Wednesday , May , 14 , 2008 C.Y. Ellis

Despite LeBron’s Strong Start, Cavs Lose Game Five

Despite LeBron's Strong Start, Cavs Lose Game Five

After Game 3 I was excited. Everything went right throughout the game and I was brimming with joy thinking about it. More than reliving it, I wanted to fast forward to Game 4 so we could do it again. That anxious feeling is what makes sports great and playoff basketball maddening. Luckily for me, Game 6 comes soon enough, Friday, because this game leaves me with that same feeling.

There is a post somewhere in the archives where I talked about how great it is to play Cavs basketball. Smart play, hard nosed defense, lots of rebounding and some efficient, if slow, offense added up to a sure victory.

Tonight was the dark side of that moon. Tonight Cavs basketball meant everything that went wrong. It all started when we got ahead early. We lost focus, as we do all too easily. We relaxed defensively, we relaxed on the boards, and we settled into long jumpers. There is no one person to lay the blame on, but as Ori can attest, I never hesitate to start with Lebron.

What a great start! Lebron was unstoppable. He could get to the rim at all. If he stepped back for a jumper, he’d rip the net. He was getting to the line, and better yet, he was hitting every freebie. He led the starters, he led the bench, and when he rested, we kept our foot on the throttle.

Finally, Doc Rivers had to call timeout to have his team regroup. We collectively looked up at the scoreboard, saw a 14 point lead and relaxed. That’s pure Cavs basketball. We were going to do just enough to win. With this big of a lead we could coast and win it late. We’ve seen that strategy fail against the likes of the Knicks and Bucks, and it was sure to be doomed against a team that is actually good and motivated.

The Celtics came back out roaring behind Rajon Rondo. Our rotations slowed and the Celtics got hot. A huge run leading to the half left them will all the momentum and us with all the smugness of a lead maintained.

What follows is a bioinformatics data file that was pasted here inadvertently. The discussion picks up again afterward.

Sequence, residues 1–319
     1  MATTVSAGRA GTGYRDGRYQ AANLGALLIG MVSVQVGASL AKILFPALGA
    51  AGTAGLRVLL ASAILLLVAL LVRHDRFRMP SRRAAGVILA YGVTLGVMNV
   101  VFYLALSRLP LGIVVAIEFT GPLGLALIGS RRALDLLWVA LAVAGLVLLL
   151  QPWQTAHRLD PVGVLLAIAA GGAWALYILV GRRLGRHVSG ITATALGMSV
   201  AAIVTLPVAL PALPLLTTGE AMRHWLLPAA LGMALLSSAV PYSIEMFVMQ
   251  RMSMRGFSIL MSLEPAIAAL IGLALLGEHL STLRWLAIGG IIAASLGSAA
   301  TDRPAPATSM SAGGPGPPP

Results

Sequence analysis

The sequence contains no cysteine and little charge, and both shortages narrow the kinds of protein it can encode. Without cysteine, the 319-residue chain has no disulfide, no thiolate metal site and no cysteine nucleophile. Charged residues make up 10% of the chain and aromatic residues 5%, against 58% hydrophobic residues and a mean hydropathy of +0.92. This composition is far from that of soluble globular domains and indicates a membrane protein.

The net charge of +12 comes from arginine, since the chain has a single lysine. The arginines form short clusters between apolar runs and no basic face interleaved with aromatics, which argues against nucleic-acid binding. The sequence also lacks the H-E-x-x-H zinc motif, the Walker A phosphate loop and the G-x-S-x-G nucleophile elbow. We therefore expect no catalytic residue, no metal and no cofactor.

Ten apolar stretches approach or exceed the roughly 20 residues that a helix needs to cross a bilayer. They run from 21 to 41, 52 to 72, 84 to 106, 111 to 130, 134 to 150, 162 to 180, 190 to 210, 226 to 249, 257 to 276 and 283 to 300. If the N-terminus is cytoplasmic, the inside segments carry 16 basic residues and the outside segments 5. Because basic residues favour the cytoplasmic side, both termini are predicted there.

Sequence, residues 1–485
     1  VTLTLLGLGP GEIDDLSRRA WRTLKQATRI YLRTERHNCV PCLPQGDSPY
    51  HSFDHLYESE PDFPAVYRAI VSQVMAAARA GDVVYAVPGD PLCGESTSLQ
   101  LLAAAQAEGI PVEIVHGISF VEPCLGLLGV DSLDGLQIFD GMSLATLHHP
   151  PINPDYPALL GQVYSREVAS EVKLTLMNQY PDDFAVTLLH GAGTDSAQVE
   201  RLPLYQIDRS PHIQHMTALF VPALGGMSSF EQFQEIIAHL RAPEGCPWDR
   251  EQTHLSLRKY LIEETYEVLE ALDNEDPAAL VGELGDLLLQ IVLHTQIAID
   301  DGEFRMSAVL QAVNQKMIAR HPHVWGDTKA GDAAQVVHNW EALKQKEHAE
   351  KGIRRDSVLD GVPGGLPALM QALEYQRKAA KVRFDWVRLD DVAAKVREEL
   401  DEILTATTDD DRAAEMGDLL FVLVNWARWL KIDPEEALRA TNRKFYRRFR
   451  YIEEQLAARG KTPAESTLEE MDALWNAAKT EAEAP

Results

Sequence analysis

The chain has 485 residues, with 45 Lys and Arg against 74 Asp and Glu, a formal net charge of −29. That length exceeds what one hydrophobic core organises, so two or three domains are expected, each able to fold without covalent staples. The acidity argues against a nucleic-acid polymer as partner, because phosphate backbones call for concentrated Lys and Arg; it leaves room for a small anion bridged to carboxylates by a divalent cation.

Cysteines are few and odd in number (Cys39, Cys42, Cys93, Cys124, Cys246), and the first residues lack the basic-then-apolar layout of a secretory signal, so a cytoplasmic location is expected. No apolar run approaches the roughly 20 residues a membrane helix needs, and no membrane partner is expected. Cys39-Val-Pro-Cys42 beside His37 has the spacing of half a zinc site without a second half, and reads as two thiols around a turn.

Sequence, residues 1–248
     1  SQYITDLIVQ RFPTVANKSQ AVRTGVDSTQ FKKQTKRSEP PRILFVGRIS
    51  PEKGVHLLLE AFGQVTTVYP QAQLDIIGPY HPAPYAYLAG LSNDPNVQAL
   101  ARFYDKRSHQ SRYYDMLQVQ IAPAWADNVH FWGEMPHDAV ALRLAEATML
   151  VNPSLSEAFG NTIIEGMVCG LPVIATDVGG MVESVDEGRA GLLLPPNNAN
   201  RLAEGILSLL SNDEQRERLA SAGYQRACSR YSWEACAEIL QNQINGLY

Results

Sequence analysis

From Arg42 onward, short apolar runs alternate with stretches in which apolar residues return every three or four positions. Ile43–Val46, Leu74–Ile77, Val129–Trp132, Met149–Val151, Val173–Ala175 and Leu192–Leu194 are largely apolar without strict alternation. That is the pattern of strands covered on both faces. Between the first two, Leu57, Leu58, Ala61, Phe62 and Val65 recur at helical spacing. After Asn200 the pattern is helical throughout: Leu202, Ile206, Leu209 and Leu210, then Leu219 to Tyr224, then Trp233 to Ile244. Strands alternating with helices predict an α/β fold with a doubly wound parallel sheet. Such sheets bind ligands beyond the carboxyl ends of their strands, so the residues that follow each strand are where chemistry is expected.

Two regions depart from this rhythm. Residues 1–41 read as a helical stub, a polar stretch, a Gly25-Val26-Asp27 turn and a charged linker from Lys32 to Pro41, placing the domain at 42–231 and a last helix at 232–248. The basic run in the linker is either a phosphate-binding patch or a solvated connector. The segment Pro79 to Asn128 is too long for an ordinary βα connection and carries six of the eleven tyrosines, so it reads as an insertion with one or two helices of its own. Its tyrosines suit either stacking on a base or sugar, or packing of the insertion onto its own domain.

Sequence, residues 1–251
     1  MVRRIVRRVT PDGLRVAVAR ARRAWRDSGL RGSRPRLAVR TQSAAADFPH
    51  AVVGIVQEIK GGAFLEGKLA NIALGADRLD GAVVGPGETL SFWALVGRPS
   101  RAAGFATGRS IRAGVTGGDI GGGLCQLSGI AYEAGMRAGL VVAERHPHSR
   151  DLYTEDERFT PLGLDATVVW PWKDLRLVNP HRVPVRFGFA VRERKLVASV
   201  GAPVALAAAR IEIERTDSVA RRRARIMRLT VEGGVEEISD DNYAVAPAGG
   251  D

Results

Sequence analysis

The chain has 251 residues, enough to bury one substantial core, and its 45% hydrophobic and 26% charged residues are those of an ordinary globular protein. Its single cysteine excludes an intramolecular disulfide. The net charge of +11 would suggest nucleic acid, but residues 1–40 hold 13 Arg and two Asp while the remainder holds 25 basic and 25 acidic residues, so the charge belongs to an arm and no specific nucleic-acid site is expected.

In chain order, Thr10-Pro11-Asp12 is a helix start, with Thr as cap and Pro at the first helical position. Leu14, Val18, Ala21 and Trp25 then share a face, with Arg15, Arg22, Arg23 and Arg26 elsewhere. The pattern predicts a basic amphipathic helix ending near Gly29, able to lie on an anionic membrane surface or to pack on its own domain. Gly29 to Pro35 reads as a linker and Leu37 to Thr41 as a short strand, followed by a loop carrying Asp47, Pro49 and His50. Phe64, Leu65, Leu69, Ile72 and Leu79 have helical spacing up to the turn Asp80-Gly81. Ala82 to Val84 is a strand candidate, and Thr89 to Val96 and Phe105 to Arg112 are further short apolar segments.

Unfortunately, that lead had dwindled from 14 to 3, so our routine 3rd quarter malaise sunk us into a deep, ultimately insurmountable hole. The offense became a series of high screens, jab steps and jumpers. Lebron went 4-13 through the 2nd half, with 4 drives and plenty of missed jumpers. In his defense, early in the 4th he passed on a lot of hero 3s that I expect him to launch. But still, there was no offense. We did move a bit. We set some screens. We had no purpose. The screens led to routine bricked jumpers, but never a pass to the rolling man. There were no extra passes to the corner. We ran an offense for the sake of running an offense, not to find easy looks.

At the other end, the Celtics fed off of their defensive energy, shot with confidence and chased every miss. Is there a single Cav you can look back and credit with a sound defensive effort? Go back and rewatch the game. Count how many times our PF, Wallace, Smith or Andy was busy using his arm to shove for space rather than his legs to elevate. Count the number of times Lebron stood lazily 3 feet behind the mess of rebounders, hoping for an odd bounce. Hoping doesn’t win on the road in the playoffs.

At the end of the day, I feel worried but not upset. This game perfectly fits the old cliche that the balls didn’t bounce our way. How many times did an and-one roll harmlessly off the rim? How many of the Celtics offensive boards came on unusually long caroms?

A win would’ve been great, but it wasn’t must win. If anything, all the pressure was on the Celtics, and they just held serve. Now the series shifts back to Cleveland for Game 6 on Friday, when it is must win and the pressure is on the Cavs.

The reason this game leaves me dying for the next can be summed up in one word: Lebron. As far as I’m concerned, the next 2 games might as well define his career. He’s at the point where when he gets it in his mind, he can do as he please all over the court. In Game 5 he attacked until he decided it was time to rest, time to take what the defense gave him, and that spark never returned. Now, with each game must win, he needs the mentality that every possession matters, no matter how big the lead, until the buzzer sounds. We all expected Game 5 to be his legendary performance since that’s been his MO, but this series it’s going to have to be Game 6 and especially Game 7. This is what playoff excitement is all about.

Go Cavs!

(PS – Props to Delonte "One Man Comeback" West for raising his game in the 4th when nobody else did. Anti-props to Andy and Joe Smith. Free throws!)

[top image:]